I’ve been experimenting with the Vox blogging system and while it looks OK, there are two (so far) fundamental problems I’ve found.

  1. You can’t edit your post’s HTML directly
  2. Visitors must sign-in to post a comment

Item 2 is all the more problematic, when you realize that since Vox is in beta, it’s on an invite-only system, so users can’t just pop over to the sign-up page and signup. They have to be invited. It’s just dumb.

I think I’ll keep an eye on it for improvements, but I don’t think I’ll be using it as my regular blog.

Incidentally, I have 1 invite left. If you want to be invited to start a blog on Vox, leave me a comment and I’ll get it off to you right away.

Published in: on July 25, 2006 at 5:57 pm  Leave a Comment  

See, I told ya so…

I said it before. I get all gung-ho about blogging when I first start, and then slowly drop off to nothing. Well, I’m not at nothing yet, but I’m approaching. I’ve got all kinds of ideas, but nothing flowing out yet. No time. I hope to have one more post before I go on vacation.

Published in: on July 14, 2006 at 12:42 pm  Leave a Comment  

Jason hits the bigtime on Boagworld podcast

Have you heard the latest Boagworld podcast, #42: Choosing the right design? I’m the guy asking the question about whether it’s ok to be “inspired” by other websites. Paul and Marcus essentially said it’s OK, to a point to get some inspiration — just don’t “copy.” Which is the answer I’d been hoping for. I realize afterwards that what I do a lot is get ideas from several sites at once — maybe a color scheme here, a cool javascript idea there and maybe a neat box or button from a third. I don’t copy those elements, but see how they could fit in with the site I’m creating. It was nice to hear from Paul that while he doesn’t actively seek out inspiration, he does find bits of other sites that could be used, in some form or another (not a copy), in his.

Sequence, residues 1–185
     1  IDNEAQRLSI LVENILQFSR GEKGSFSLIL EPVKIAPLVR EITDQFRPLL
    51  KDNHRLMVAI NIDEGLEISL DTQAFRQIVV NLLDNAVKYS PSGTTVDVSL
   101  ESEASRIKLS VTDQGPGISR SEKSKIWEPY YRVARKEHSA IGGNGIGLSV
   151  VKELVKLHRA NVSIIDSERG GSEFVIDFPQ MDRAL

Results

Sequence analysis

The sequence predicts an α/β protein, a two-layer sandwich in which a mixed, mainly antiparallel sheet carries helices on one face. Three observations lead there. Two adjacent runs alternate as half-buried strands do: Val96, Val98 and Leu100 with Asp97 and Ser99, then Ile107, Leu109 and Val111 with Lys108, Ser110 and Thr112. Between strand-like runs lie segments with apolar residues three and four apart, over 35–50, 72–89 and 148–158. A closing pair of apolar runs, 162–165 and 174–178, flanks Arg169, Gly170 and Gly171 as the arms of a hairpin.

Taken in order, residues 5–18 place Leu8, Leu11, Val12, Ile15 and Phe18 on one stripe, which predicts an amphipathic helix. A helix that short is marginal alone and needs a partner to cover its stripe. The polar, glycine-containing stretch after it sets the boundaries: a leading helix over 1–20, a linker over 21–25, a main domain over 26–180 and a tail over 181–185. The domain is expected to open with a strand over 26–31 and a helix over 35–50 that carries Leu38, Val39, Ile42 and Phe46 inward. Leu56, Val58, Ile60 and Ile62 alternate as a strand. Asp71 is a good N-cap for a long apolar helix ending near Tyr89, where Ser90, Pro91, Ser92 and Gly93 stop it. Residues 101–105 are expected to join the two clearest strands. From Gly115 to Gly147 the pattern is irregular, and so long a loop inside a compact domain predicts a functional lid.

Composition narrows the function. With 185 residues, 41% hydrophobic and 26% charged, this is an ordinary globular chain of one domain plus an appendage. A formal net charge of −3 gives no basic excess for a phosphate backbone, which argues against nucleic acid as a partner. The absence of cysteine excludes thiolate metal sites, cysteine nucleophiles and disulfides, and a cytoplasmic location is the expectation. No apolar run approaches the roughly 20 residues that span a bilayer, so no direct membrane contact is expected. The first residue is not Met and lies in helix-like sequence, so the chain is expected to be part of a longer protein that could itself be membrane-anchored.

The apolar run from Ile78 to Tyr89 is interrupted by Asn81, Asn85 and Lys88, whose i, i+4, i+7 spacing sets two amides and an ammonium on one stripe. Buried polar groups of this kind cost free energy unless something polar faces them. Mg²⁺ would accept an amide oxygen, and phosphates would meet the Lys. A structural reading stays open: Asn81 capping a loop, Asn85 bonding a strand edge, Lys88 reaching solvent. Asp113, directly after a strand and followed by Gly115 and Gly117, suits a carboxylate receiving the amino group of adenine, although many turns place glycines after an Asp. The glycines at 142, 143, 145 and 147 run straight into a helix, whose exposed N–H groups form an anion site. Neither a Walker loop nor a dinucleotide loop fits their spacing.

Finally, Paul’s advice was to get inspiration from things in the real world, signs and pictures and things — and that way you can never be accused of stealing someone else’s design.

If you’ve never heard of Boagworld and you’re a web designer or developer, then please go check out his blog and podcast.

PS: Marcus what’s my prize for being the “winning question of the year, so far.” Hey there’s a great idea guys, how about a weekly or monthly giveaway! I’d be honored to be the first.

Published in: on July 10, 2006 at 9:08 pm  Leave a Comment  

My love-hate relationship with blogging

I’m a notoriously bad blogger. I love to do it, and I think I’m pretty good at it, but I tend to start strong, posting lots and lots at the beginning and then I slow down to a trickle and eventually abandon the thing altogether. I hope that won’t happen to this blog, since technology lately is making it much easier to blog stuff. It’ll also give you the opportunity to talk back to me, something you don’t often get to do on a regular basis.

Published in: on June 29, 2006 at 1:14 pm  Leave a Comment